YAM Notes: March/April 2015

By Rich Banbury

Our class authors, with their quill pens and kind keyboards, have been hard at work. Some of their sagas are fit for the silver screen.

As his sixth novel, Bill Peace has recently published Hidden Battlefields, a sequel to The Iranian Scorpion. The plot involves a big time shipment of drugs from Peru to a criminal cartel in southern Italy. Robert Dawson, in undercover capacity, follows the shipment initiated by the guerrilla organization Shining Path. Robert’s father, a retired Army general, enters the battlefield, along with MaryJo, a defense department contractor with top secret clearance, and Kate, a Pulitzer Prize journalist. All the characters eventually overcome internal conflicts, including romantic choices. Now living under the British flag, Bill’s homestead has the intriguing address of Great Kingshill, Bucks.

The publishing house of McNally Jackson has recently released an adventure/mystery novel authored by Jonny Weiss and Otis King, titled A Star Over Harlem. Attempting to solve the riddles left by his father in his Will, the protagonist is joined by a beautiful blonde stranger who may be a CIA undercover agent. Ancient religious secrets are introduced into the story, which takes place in Barcelona, Jerusalem, and Harlem. Danger lurks at every turn, and the mystery behind the assassination of Malcolm X is also woven into the plot. At the end, a miracle saves the day, as light and truth emerge.

A prize-winning short story by Doug Macdonald, Sharing Daniel, tells the saga of Adrienne and Daniel, who have been living together for three years in a house they own in rural Vermont. A poet of some success, Adrienne misses the pulse of the city, while Daniel, a builder and carpenter, prefers the country life. The role of a third-party ultimately brings the relationship to a crossroad, where issues are reconciled. Doug lives in Evanston, and the story won the third prize in a nearby Chicago contest.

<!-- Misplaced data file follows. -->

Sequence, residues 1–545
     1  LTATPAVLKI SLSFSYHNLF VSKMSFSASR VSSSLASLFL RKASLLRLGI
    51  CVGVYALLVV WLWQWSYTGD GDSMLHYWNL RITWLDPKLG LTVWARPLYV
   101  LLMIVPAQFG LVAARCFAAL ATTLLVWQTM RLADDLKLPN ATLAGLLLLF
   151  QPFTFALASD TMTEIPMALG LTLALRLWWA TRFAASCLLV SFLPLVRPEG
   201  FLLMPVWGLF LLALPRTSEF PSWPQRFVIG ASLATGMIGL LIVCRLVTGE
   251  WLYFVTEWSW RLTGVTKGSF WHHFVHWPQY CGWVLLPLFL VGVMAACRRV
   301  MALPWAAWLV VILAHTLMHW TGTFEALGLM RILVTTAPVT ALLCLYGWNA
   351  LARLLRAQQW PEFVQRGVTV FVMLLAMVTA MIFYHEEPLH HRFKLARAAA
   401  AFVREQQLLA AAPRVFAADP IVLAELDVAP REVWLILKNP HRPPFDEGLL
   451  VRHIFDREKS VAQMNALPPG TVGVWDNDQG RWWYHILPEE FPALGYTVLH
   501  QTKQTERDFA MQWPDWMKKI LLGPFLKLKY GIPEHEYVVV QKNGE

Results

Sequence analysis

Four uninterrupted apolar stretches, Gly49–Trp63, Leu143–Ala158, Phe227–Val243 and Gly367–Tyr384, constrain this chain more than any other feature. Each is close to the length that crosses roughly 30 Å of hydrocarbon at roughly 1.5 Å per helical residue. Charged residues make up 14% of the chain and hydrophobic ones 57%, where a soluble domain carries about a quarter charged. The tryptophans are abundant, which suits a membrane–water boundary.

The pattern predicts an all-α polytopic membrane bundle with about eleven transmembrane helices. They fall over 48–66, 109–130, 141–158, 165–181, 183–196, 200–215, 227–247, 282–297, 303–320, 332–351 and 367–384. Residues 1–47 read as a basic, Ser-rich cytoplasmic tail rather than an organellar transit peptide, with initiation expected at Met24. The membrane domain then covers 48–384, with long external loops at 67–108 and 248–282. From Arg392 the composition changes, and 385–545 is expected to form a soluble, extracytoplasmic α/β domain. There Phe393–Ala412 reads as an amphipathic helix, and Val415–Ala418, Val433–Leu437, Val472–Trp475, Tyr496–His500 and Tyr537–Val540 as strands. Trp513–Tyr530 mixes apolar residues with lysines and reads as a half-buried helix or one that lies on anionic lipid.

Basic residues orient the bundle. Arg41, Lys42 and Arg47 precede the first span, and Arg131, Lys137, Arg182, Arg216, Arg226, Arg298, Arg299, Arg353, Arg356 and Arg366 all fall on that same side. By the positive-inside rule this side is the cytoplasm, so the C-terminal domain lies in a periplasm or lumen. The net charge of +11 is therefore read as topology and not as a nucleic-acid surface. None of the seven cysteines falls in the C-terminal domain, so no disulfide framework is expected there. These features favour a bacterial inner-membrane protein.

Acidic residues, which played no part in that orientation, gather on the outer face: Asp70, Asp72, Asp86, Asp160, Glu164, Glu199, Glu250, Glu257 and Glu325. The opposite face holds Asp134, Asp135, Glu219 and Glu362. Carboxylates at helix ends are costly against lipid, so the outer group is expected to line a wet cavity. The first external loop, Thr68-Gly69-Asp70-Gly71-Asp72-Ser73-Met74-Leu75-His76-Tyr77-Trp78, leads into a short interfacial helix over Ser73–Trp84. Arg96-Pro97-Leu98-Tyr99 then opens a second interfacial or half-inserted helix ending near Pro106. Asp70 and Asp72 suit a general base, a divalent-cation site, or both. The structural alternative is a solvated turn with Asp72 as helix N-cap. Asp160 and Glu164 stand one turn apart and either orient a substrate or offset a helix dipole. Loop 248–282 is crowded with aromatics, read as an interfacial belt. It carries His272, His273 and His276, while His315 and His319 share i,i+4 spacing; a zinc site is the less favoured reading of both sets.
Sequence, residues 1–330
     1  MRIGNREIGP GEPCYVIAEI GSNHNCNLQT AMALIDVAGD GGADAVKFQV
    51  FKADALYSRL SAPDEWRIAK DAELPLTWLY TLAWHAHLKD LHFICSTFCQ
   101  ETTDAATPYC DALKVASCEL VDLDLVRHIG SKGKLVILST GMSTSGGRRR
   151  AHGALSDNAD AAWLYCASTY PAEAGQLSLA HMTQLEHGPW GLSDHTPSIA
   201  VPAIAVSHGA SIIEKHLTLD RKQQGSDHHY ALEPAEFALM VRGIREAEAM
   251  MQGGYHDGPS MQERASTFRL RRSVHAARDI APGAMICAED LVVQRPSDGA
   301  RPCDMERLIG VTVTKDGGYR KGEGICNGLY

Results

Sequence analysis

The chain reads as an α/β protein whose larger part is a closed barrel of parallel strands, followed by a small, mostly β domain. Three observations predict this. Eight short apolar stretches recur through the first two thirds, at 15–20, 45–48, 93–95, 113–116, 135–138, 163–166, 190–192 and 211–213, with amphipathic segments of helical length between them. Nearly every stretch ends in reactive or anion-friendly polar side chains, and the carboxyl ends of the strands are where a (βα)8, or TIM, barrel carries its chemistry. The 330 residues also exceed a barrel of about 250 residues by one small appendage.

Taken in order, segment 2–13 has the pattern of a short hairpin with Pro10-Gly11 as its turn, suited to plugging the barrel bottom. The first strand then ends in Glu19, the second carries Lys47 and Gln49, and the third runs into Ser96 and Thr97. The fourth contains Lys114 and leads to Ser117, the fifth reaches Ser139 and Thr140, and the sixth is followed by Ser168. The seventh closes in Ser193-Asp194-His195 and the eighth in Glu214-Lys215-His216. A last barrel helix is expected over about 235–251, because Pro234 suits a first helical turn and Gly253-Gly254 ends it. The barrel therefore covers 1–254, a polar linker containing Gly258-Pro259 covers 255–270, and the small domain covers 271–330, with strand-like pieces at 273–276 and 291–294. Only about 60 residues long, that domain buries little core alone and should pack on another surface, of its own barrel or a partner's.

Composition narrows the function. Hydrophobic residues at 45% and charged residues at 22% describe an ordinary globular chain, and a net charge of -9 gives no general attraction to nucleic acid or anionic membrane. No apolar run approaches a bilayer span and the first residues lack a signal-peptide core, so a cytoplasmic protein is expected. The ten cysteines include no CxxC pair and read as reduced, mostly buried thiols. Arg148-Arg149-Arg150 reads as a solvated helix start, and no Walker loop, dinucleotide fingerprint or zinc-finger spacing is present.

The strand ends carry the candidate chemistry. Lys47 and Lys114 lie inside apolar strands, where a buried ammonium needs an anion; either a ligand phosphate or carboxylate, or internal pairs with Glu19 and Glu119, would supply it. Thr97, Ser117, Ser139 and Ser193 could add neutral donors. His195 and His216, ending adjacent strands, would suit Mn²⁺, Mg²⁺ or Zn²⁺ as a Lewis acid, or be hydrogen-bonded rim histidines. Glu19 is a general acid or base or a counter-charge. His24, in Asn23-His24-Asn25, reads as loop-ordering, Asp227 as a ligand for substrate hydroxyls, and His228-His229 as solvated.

Peter Green of St. Louis reminds us of his Ben’s War with the U.S. Marines, a humorous World War II biography of Peter’s father. With two small children at home, Ben enlisted to serve his country and was ultimately stationed on Guam with the Armed Force Radio. Ben’s War has been a favorite with veterans. In Peter’s words, a few months of military training transformed “lovers into fighters.” In addition to Ben’s War, Peter has republished Crimes of Design, the first of his mystery series featuring Patrick MacKenna, the vigilant main character. An architect as well as a prolific writer, Peter can be electronically accessed at Pete’sBookshop.

Mike Freeman’s Neither Mountain Nor River, his second book, is a memoir celebrating his love of both nature and language. Much of Mike’s life has been spent in rural areas, including a small town in Alaska, which explains his appreciation for hunting and fishing. At the center of Mike’s reflections is his admiration and affection for his father, Matt Freeman, and the filial relationship is the primary premise for the story. It’s a very poignant and personal memoir, often emphasizing the mentoring role of Matt, by way of wilderness skills and the deeper character lessons which fathers pass on to their children. Mike quotes Matt as saying “Life comes at you fast.” Experiencing the wilderness with his father became a “museum of memories and the chance to generate new ones.”

Our exceptional class has its own significant presence on the Old Campus by way of the Bart Giamatti Bench. While walking in that direction recently, Monroe Price observed that the Bench may be the only sculptural addition to the Old Campus for perhaps a century.

There is still time to sign up for the 55th Reunion. If by chance you have mislaid the registration form, contact co-chairs Harry Mazadoorian (hmazadoorian@comcast.net), or

Al Puryear (anpuryear@aol.com). Incidentally, Harry recently uncovered a 1956 document, On the Fence with 60, revealing that Dean Hal Whitman had, as an “experimental step,” extended female visitations from 6:00 p.m. to 8:30 p.m. That’s an interesting comparison with the current discussion in New Haven as to whether mixed gender suites should be available for freshmen and sophomores. Apparently juniors and seniors already have that opportunity. No more bus rides for mixers at Mount Holyoke.